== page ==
02:45You know, as we technicians normally tend to transform it. They say yes.

02:49And then what they did is that I showed them the level of aggregation from the different locations...

02:55...particularly related to conservation, development, and agriculture development.

03:00And to...for them to see the geographic consensus that their collective designs were actually creating.

03:06And they thought that that was a very powerful tool.

03:09And when we showed actually statistical quantity of information to the governors and to the people in the government...

03:14...they say it's not that different. And I run the same exercise with them.

03:18So these, for instance, are examples from locals, you...the ones that you saw before...

03:21...examples from levels aggregation from the government. And they are different in many different ways.

03:26The quantities...the quantities are not that different normally, and the literature shows that.

03:30What is different is their spatial arrangement.

03:32And the people are getting it wrong most of the times are the designers and planners.

03:38The interesting thing working with geographic information is that you can work this consensus...

03:43...and make the evaluation models, the feedback loops to teach you how off or how much contestation...

03:50...or how much this particular piece of the geography contested.

03:53So we could create maps like this, which shows for instance the different...

03:57...the specific cells, the different pieces of the geography that are in conflict and who's in conflict.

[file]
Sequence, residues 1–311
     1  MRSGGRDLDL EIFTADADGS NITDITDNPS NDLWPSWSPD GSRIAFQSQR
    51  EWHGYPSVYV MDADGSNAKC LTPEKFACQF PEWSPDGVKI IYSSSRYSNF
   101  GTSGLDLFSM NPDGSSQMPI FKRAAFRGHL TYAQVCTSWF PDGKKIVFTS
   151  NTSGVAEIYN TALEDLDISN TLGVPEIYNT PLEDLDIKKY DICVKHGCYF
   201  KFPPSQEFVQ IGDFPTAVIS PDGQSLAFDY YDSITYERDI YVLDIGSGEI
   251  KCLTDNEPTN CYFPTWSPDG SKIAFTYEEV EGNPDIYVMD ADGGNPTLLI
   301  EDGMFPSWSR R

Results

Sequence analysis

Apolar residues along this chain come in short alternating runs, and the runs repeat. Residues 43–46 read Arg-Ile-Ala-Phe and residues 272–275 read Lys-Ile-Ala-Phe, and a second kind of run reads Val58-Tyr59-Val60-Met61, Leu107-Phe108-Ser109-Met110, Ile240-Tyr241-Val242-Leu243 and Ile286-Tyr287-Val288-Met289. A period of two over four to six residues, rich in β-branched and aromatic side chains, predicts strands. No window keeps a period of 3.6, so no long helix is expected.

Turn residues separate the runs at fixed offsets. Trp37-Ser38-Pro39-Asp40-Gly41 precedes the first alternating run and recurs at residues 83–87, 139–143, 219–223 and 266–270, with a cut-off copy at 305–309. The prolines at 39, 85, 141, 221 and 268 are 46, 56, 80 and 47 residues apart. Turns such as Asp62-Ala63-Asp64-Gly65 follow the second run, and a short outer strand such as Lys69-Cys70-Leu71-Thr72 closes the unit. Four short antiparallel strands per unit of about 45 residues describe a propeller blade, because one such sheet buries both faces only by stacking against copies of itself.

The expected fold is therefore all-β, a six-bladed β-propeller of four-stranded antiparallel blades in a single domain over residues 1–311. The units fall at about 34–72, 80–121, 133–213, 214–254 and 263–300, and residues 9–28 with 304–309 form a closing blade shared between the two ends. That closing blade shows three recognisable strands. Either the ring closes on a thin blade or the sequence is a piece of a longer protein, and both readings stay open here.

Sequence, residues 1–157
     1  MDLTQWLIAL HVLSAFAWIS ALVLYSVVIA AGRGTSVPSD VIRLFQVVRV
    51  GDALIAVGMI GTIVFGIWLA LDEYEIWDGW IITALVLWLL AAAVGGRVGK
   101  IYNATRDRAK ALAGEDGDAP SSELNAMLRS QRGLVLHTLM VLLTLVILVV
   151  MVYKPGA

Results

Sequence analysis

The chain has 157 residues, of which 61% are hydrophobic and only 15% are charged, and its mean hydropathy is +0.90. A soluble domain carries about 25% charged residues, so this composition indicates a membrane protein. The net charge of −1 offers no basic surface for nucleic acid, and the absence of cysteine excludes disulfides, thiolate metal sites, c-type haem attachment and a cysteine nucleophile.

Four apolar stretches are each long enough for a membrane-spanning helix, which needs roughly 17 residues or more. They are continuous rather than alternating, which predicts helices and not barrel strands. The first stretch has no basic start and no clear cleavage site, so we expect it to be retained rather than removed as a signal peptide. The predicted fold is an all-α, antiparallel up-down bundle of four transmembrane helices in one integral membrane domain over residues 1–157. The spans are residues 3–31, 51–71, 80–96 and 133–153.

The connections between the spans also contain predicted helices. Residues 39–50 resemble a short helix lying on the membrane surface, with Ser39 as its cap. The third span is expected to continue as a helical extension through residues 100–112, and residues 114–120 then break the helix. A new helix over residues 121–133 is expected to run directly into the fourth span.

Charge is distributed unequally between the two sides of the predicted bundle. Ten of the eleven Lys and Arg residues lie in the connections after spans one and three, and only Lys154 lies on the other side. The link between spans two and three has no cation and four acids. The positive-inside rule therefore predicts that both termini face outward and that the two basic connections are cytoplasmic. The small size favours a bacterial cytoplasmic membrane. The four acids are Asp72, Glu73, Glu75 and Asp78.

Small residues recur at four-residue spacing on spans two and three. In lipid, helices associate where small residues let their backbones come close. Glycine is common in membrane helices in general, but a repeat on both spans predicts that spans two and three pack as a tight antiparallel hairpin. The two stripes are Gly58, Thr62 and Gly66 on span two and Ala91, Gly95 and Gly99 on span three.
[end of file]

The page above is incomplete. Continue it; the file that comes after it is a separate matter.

04:02And we can trace that back if it was the fisherman...

04:04...the chief planner, the real estate developer, or the commercial person that was there.

04:09And I showed that to them, and I said, Well, when I aggregate this from you to your consti...stakeholder group... your local level to the entire region to the governors...the governors San Jose, in the capital...

04:21...and the people in that area, and do you agree?

04:23And this is basically the process of aggregation that I did in the GIS, all through models.

04:27And this was the result.

04:29And the key was that people do not tend to disagree until you actually reach national levels.

04:35Which means that these sort of rapid prototype tools for geographic design... the power to the people to make the designs..., are not that different in quantitative levels, which at the end is what matters for policy makers.

04:51[unintelligible] coefficient, the statistical distributions of demographics, poverty levels, or those sort of things.

04:57What is different is in the locations. So let...let them help us with the locations.

05:01And the other thing is that there's a problem in the authority.

05:05Authority doesn't want to give the power of design to the people.

05:07So that's where you can see in the top of these diagrams, which are in our particular case were development...

05:12...conservation, and agroforestry, that that's where the most of the disagreement is. Which is, those are locations...

05:18Those problems there are the ones that I...I do not agree. I don't think this appraisal is right. Thanks.